- A single burial plot (that will hold up to three burials) costs between $12,000 to $14,0002
- Mausoleum Sites (756 sq. ft.) from $320,0003
- Community Mausoleums – Single entombment costs between $20,000 to $34,5004
- Community Mausoleums – Double (two entombments) costs between $30,600 to $68,0005
- Cremation Niches from $1,850 to $20,500
- Cremation Urn Sites from $3,500
Add to this an opening and closing fee for the grave, vault or mausoleum which is $1,805.00 for an adult grave site and $936.00 for a child (under 10). In addition to this there are extra incremental fees if a burial is required at a weekend or for other special circumstances, such as at an extra depth or in a customary container.
The opening and closing fee for a cremation niche is $199.00.
The fee for a direct cremation at Green-Wood crematory costs $377.0.
Memorial Monuments in Green-Wood Cemetery
There is a whole array of interesting monuments decorating the grave plots around the cemetery. Most cemeteries have strict regulations about the erection of memorial markers within their grounds and Green-Wood is no different. What many folks do not realize is that the cemetery cannot only regulate the type of marker you can erect, they will also charge you a fee to ensure it is correctly erected so as not to subside. Generally a period of time elapses between the burial and when the marker can be erected to allow the ground to fully settle.
Green-Wood lays a foundation for any memorial marker to be erected and this foundation lies as deep as the gravesite itself. The cemetery charges for the laying of the foundation. This is charged on a per cubic foot basis but the minimum charge for a single grave is $695.00 and for a memorial proportioned for two graves is $1,383.00. So all’s told a single burial plot at Green-Wood, with interment on a week-day and no special requests, with a single memorial marker erected can cost $14,500 (without the cost of the headstone included).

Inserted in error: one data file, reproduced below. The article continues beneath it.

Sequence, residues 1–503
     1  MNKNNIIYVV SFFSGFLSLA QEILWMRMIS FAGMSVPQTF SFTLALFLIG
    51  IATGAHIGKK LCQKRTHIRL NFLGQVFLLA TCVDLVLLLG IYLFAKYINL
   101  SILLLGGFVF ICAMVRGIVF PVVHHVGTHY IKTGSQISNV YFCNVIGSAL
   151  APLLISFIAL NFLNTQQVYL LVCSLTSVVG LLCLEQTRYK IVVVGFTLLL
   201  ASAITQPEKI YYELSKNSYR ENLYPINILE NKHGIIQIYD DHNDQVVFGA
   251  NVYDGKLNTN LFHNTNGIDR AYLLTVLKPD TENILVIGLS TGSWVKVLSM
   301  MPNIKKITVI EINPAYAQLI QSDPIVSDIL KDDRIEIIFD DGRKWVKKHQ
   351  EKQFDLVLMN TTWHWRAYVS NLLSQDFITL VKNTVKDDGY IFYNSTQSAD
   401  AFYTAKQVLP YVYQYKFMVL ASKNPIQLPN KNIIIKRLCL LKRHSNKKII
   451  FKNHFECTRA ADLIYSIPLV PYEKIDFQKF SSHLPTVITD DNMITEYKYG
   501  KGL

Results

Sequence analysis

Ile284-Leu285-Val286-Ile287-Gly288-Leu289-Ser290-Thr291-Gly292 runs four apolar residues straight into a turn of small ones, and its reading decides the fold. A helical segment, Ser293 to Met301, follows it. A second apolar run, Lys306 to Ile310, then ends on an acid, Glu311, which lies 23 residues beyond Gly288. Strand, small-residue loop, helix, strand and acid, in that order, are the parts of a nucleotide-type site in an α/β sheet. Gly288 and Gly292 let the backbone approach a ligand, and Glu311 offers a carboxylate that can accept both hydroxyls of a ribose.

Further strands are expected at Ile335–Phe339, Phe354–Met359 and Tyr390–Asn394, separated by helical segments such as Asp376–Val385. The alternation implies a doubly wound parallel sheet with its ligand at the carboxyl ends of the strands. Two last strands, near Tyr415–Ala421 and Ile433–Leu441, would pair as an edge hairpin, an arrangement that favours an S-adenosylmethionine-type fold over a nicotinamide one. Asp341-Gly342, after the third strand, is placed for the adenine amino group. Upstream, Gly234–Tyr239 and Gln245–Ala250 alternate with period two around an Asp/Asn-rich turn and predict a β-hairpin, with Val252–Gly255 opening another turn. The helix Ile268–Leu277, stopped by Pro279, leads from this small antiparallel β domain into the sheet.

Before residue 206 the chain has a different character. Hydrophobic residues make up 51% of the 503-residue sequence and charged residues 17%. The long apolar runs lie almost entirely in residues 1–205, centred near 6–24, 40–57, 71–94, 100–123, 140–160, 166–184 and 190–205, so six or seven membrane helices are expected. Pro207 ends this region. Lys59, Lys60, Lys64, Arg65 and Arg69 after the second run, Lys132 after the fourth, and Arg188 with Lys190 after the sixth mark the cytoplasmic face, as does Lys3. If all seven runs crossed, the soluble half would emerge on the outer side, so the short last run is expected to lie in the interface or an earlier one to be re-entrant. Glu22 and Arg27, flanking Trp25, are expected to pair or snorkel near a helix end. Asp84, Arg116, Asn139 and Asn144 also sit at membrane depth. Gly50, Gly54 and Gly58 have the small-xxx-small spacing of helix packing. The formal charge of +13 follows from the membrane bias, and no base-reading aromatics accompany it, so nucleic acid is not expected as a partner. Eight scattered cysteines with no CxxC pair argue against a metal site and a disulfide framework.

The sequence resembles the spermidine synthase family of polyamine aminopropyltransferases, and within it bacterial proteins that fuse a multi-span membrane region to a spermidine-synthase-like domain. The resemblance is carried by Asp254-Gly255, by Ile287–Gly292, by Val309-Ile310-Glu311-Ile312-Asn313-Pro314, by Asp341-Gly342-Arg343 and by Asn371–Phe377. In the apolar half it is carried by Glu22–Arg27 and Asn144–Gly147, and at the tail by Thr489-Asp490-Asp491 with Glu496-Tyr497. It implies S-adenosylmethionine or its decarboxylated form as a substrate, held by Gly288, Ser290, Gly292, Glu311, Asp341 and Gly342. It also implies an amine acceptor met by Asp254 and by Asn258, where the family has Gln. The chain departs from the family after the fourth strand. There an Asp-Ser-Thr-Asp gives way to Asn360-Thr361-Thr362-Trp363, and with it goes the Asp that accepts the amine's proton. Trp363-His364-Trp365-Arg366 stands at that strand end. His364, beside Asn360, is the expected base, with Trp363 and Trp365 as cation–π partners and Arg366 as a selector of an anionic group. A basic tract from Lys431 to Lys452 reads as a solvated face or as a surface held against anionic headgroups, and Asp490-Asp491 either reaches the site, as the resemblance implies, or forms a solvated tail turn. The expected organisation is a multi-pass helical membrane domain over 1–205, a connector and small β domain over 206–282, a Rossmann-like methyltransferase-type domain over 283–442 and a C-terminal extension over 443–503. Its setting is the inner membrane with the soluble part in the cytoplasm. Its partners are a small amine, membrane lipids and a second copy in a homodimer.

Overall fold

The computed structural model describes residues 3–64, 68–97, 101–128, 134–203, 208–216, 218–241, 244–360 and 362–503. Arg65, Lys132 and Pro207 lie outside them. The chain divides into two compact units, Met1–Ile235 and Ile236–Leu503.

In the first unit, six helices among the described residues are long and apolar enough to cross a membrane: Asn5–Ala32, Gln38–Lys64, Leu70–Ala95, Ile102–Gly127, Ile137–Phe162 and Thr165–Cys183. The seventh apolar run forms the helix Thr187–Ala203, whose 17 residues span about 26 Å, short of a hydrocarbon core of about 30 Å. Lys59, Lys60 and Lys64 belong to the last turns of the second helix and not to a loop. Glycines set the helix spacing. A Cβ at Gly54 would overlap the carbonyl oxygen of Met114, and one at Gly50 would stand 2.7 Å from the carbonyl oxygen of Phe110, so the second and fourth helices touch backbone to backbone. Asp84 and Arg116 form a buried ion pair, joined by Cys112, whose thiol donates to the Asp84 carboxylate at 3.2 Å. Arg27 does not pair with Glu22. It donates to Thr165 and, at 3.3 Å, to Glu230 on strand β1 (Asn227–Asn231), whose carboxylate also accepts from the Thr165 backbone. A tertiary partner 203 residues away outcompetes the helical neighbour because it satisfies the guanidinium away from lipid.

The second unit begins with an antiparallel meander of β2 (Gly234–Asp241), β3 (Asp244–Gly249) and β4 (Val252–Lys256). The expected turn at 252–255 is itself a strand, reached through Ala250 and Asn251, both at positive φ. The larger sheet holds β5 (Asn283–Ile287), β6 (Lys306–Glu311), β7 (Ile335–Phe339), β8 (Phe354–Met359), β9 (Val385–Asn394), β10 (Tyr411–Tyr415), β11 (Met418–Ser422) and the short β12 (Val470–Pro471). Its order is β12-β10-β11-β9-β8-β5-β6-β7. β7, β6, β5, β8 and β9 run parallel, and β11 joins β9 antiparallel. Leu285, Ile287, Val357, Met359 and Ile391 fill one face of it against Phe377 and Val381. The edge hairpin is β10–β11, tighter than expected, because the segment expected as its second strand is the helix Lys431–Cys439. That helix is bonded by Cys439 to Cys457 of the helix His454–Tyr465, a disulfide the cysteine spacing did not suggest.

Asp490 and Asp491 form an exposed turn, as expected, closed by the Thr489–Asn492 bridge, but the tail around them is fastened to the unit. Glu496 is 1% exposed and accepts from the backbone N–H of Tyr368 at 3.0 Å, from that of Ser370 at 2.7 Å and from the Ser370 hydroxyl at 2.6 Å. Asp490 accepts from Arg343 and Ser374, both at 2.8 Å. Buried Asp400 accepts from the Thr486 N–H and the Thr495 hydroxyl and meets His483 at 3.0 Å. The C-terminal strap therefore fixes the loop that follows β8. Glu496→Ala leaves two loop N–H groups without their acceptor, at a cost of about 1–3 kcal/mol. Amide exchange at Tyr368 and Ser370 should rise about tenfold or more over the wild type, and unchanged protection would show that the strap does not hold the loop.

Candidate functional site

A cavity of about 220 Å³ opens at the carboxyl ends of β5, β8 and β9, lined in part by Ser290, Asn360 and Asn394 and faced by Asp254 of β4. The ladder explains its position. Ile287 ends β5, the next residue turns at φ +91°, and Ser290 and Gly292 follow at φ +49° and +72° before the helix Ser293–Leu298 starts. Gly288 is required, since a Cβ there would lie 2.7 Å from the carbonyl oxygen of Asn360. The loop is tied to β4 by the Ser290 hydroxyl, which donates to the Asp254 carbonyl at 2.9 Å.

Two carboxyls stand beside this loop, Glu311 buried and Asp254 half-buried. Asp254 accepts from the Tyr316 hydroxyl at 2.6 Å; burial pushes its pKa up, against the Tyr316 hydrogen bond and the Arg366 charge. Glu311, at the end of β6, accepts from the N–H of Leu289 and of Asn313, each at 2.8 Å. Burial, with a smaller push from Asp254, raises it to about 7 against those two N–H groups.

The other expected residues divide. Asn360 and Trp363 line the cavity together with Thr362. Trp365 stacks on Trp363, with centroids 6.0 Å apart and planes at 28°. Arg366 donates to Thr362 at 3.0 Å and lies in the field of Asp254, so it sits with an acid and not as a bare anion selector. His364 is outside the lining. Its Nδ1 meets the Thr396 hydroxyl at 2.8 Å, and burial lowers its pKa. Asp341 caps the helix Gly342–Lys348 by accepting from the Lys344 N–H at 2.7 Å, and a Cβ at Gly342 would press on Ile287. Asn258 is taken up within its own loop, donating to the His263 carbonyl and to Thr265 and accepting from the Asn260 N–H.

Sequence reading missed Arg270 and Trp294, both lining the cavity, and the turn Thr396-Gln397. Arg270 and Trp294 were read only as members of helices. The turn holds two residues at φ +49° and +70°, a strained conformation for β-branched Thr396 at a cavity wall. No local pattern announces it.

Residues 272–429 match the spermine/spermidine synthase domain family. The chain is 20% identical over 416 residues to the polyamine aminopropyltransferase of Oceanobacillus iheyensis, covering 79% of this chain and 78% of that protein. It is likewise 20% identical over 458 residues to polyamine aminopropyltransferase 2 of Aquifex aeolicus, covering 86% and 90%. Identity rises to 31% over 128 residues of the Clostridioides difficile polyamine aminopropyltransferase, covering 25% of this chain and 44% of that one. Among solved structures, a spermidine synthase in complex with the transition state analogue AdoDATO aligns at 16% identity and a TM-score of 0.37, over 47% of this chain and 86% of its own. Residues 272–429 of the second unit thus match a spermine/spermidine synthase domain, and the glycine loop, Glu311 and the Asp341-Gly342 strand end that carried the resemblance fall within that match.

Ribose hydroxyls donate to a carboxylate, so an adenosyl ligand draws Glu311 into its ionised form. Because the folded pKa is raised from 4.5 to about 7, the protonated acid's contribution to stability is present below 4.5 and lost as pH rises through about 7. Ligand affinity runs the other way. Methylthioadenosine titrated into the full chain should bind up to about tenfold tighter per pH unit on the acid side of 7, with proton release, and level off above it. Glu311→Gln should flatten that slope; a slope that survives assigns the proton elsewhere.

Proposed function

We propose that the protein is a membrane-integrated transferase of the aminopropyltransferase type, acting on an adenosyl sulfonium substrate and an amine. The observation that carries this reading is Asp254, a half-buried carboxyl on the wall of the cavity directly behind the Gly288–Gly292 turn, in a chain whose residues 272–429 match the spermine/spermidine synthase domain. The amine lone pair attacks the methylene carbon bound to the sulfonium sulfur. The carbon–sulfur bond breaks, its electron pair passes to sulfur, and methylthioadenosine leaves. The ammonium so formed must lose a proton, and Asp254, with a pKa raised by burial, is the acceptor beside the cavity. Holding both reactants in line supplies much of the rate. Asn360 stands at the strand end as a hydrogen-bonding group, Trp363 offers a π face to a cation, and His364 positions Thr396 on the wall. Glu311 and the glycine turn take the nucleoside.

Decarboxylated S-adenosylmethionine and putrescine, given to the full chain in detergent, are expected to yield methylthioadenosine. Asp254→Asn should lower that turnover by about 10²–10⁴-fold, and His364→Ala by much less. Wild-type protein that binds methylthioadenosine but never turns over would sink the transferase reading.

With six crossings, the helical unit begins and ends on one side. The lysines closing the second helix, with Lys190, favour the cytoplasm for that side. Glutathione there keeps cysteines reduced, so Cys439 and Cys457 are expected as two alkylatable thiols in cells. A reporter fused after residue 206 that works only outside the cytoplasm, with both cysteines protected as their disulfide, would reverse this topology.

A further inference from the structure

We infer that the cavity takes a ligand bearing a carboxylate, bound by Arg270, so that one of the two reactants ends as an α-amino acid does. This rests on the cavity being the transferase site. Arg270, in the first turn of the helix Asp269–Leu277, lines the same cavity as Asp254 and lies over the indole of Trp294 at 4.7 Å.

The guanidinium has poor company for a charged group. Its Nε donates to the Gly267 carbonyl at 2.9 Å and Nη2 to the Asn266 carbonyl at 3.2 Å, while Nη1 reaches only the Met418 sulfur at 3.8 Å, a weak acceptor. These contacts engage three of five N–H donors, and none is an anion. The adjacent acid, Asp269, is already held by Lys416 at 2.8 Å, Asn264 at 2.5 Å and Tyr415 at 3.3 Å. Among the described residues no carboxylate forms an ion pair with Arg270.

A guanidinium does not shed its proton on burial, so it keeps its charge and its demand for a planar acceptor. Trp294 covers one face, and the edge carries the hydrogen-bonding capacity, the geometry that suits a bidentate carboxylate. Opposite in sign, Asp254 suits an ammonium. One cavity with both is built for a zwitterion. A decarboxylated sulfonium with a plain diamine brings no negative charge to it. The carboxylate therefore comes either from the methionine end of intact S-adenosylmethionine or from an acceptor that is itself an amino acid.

Famous graves in Green-Wood Cemetery
The wealthy and the famous of New York have chosen to be buried here for nearly two centuries, so this is certainly an important heritage site in Brooklyn, and you can positively feel the history as you amble around Green-Wood. Early regulations of the cemetery prevented anyone executed for a crime, or dying in jail, from being buried there but the family of the infamous Boss Tweed somehow managed to circumvent this rule and lay him to rest in Green-Wood Cemetery despite him dying in Ludlow Street Jail.
Some of the monuments are very auspicious, and represent the wealth of New York past and present. There are too many notable residents to mention but a few of the most notable famous burials at Green-Wood include: Leonard Bernstein, Henry Chadwick, Jean-Michel Basquait, Louis Comfort Tiffany, Horace Greely, Henry Steinway along with countless Civil War Generals, Baseball legends, 19th Century inventors, important political figures, artists and entertainers.
If as Paul Goldberger claimed you are a New Yorker who wishes “to sleep with his fathers in Green-Wood”, then you may want to set up that burial fund now! However, as a rich heritage site and a wonderfully interesting green space in Brooklyn, I would wholeheartedly recommend a visit to Green-Wood as a must for any New Yorker and anyone visiting the city.